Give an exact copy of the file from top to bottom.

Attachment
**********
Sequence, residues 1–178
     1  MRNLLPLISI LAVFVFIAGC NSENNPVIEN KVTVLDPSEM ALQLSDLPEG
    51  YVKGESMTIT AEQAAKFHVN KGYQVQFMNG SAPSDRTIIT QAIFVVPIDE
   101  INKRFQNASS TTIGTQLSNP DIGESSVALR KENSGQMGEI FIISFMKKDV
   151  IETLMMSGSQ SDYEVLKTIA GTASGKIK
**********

Sequence, residues 1–178
     1  MRNLLPLISI LAVFVFIAGC NSENNPVIEN KVTVLDPSEM ALQLSDLPEG
    51  YVKGESMTIT AEQAAKFHVN KGYQVQFMNG SAPSDRTIIT QAIFVVPIDE
   101  INKRFQNASS TTIGTQLSNP DIGESSVALR KENSGQMGEI FIISFMKKDV
   151  IETLMMSGSQ SDYEVLKTIA GTASGKIK